The story may even have become my favorite, perhaps because it first shows the United States reps working directly with Talanov.  I think, more, though, there was a focus given on the internal thoughts and feelings of Talanov. And when fans look at the attractive young man he was at 28, after reading this novel, we now know how and why he became the intense ice-man hero that so many of us have come to love in such a short time.

Let me give you another example, out of context...
"Talanov remembered wanting to cry that day. But he did not. Instead, he shoved her memory away just as he shoved his dǎoshī away. The one person he cared about most had been ripped away from him by the only other person he cared about -- his dǎoshī -- who had turned on him like the weather of Khan Tengri, which lures you onto its slopes with its majestic, friendly red afternoon glow, only to trap and kill you. 
"For a while, he tried hating her. It was no use. How can you hate someone who makes you so happy? He just hated the ache that he felt now that she was gone. He hated the ache he felt when he remembered her shy smile and laughing eyes, or that tangle of silky black hair falling in straggly wisps around her face. He hated wanting so desperately to find her but knowing he couldn't. And before leaving the monastery, he vowed never to let anyone make him feel so unhappy and lost again.
"And in that moment, ledyanoĭ chelovek -- the "ice man" -- was born.     Yes, it took every bit of strength that he had not to let them see him cry. And he didn't, nor had he cried since -- ever -- not once.     Until now.     Standing alone on the bow of the freighter, 

So that readers can consider this novel in relation to real activities which actually occurred, I am including an item in the front of the novel, which is very important to correlating the story with what happens in November Echo, which I normally wouldn't do, but will help everybody understand why this novel is so important to me, to others...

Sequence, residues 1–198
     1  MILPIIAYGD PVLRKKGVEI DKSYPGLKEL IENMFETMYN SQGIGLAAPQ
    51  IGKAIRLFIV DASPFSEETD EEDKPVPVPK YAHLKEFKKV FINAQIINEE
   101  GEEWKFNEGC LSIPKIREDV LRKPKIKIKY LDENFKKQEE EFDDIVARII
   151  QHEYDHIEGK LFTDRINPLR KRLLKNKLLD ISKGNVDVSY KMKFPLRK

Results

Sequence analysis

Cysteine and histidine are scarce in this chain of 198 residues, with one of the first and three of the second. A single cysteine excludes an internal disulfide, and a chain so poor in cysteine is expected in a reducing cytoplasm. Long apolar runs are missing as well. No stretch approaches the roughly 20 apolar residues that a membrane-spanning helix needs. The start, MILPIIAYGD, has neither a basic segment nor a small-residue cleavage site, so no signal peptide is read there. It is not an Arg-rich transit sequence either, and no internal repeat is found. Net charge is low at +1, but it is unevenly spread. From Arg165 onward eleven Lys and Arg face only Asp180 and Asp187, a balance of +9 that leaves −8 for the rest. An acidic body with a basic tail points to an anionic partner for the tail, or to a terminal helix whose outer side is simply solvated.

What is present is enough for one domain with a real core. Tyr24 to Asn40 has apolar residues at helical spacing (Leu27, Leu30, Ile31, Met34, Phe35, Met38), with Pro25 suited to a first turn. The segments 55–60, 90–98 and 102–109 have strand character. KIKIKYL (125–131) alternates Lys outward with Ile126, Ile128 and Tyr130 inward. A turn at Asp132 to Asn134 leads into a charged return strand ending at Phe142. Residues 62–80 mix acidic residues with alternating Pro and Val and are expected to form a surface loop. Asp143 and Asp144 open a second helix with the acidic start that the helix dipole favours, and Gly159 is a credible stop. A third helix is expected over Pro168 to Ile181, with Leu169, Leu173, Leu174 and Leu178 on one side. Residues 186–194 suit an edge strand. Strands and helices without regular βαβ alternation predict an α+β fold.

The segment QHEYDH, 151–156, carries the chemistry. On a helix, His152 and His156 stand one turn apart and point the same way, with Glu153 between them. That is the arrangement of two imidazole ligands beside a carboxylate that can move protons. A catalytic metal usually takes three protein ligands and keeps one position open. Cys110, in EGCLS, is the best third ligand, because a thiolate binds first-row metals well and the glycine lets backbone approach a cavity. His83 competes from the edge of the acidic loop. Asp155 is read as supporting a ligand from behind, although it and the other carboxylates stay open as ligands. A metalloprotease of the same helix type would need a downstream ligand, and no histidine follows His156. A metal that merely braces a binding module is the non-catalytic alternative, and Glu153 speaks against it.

1972 -- The Biological Weapons Convention becomes the first multinational treaty prohibiting the production and use of an entire category of weapons. The United States and Soviet Union are among the original twenty-two signatories of this treaty. In compliance, the United States destroys its military stockpiles. The Soviet Union claims to destroy its stockpiles but in fact responds by creating Biopreparat, the largest biological weapons program in history. Over the next few years, forty-seven top-secret installations are built across Russia.

1979 -- "Anthrax 836" spores are accidentally released from military Compound 19 in Sverdlovsk, USSR. Nearly one hundred people die within days although thousands are believed to have perished. Sverdlovsk and the surrounding area is quarantined by the Soviet military. Decontamination trucks arrive. Reports of the incident surface in the West, and the Soviet Union is accused of violating the Biological Weapons Convention. The Soviet Union vigorously denies the accusations by insisting the outbreak was caused by tainted meat. All medical records relevant to the incident are immediately destroyed.